17 September 2001

"Who if I cried out, would hear me among the
angels' hierarchies? and even if one of them
pressed me suddenly against his heart:
I would be consumed in that overwhelming
- Rainer Maria Rilke,  Duino Elegies, I

I've been speaking this last week with people all over the world, and I have yet to encounter even one person who has not been sad, horrified, and anxious about what might happen next. The nuclear clock moves toward midnight, and we all worry, even when we can't express our fears directly. I'm as worried as the next person, believe me. I've been like a butterfly all week long, trying to settle onto something, but flitting back and forth nervously, tentative and touchy, unable to focus on anything long enough to stay still and reflect.

That is, until today. Today, I found a poem by Stephen Dobyns, which comes from his 1977 collection of poems, Heat Death. I am only going to quote part of that poem in this forum, as it pertains to what I felt, but the entire thing is certainly worth reading. The poem is titled "The Delicate, Plummeting Bodies." It tells the story of how Death withdrew from the world, tired of the complaining men who never seemed satisfied by anything Death did. This is what finally came to pass when a delegation of men went and begged Death to return.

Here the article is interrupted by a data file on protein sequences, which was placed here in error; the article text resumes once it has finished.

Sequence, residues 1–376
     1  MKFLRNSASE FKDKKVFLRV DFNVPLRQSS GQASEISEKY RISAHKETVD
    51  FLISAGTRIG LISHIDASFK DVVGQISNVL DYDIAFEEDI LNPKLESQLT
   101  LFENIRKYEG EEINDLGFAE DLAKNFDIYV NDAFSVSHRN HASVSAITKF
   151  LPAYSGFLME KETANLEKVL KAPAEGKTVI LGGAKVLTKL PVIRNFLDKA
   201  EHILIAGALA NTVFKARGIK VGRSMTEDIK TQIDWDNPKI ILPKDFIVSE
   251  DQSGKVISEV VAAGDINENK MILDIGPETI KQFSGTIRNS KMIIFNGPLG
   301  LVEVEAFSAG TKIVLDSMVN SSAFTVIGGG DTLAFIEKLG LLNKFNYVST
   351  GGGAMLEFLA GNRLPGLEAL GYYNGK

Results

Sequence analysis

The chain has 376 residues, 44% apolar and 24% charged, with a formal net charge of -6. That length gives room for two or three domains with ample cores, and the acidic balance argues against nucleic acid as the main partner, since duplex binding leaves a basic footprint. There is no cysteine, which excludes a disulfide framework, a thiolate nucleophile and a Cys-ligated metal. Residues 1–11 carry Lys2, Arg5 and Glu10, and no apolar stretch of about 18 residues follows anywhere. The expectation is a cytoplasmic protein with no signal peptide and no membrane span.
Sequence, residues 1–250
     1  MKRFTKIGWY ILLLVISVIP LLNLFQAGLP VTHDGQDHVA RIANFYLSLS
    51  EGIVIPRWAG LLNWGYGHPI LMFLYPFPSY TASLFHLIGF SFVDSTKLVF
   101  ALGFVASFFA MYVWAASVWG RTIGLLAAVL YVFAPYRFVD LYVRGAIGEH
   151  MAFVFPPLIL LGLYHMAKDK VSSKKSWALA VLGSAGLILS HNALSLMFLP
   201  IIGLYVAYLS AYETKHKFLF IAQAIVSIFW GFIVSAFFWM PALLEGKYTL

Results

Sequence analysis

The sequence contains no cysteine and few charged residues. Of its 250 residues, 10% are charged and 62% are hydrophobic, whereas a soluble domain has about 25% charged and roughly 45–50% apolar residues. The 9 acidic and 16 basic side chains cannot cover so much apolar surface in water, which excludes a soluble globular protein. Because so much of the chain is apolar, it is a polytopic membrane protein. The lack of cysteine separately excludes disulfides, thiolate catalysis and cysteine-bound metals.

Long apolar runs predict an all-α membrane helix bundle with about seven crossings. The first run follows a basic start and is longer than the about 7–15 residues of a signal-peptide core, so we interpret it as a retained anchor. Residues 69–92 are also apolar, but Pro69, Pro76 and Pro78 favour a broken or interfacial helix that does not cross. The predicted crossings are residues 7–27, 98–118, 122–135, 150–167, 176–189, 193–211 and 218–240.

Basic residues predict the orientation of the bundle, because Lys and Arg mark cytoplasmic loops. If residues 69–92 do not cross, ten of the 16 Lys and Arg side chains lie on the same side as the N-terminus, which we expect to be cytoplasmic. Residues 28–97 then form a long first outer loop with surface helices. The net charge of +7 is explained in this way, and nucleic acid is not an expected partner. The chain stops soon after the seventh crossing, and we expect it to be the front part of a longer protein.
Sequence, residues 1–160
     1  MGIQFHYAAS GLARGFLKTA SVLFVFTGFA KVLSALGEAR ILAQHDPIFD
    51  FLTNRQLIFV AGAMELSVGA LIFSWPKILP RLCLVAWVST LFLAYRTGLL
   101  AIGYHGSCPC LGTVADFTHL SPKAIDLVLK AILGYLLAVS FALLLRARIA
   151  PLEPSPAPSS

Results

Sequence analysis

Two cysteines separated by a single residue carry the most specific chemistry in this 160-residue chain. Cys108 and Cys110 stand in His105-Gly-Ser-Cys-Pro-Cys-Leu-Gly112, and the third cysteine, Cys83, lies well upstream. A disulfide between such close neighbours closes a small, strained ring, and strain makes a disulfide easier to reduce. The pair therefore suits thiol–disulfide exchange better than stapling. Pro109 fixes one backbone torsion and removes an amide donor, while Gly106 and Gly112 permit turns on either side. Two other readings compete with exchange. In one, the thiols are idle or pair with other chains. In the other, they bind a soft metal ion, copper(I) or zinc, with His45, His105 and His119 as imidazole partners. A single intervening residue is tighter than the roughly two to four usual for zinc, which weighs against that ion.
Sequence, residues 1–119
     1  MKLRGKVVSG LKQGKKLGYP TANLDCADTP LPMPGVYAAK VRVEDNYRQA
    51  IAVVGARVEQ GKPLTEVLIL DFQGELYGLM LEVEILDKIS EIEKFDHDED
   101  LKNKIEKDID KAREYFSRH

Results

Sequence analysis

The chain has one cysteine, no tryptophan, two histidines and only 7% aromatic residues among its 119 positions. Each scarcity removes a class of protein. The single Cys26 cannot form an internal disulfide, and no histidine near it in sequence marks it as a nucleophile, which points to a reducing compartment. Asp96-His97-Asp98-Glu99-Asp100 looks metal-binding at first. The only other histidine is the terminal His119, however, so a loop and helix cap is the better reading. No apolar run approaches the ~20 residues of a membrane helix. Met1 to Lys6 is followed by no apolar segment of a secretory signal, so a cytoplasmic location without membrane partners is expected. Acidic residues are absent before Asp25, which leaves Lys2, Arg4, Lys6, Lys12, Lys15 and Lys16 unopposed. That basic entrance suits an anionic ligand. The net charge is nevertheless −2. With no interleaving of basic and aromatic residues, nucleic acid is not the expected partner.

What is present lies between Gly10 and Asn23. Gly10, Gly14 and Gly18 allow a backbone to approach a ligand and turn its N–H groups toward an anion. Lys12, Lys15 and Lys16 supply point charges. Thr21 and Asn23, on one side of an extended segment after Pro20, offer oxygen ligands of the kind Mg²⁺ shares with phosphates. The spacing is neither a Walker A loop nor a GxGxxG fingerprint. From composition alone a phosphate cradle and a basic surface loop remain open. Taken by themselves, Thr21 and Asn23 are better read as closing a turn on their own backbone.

How Death was restored to his people: At first the smallest creatures began to die -- bacteria and certain insects. No one noticed. Then fish began to float to the surface; lizards and tree toads toppled from sun-warmed rocks. Still no one saw them. 
Then birds began tumbling out of the air, and as sunlight flickered on the blue feathers of the jay, brown of the hawk, white of the dove, then people lifted their heads and pointed to the sky and from the thirsty streets cries of welcome rose up like a net to catch the delicate and plummeting bodies.

I also spent some time with my old friend Joseph Campbell this afternoon. He was nearing the end of his own life when he spoke of what faith means, and where divinity resides. He said the real eternity is in the immediate now, this very moment, and it is our job as human beings to live as fully as we can in this moment, and honor the divinity in "the other." Who is the other? Why, it's the stranger sitting next to you on the subway or bus. It's the child screaming with glee on a flying swing. It's the man who sells you a newspaper on the street corner. It's the woman who pushes a shopping cart through the city streets at midnight. It's you. According to Campbell, what's up to me is to honor the divinity I see in each and every one of you, every moment I can see and sense it.

Life endures, as does death. What also endures is our indomitable spirit, and our prayers.

Excuse me. I may be on my knees right now, but I'm definitely going to rise again. And in the meantime, I'll say a prayer while I'm down here.


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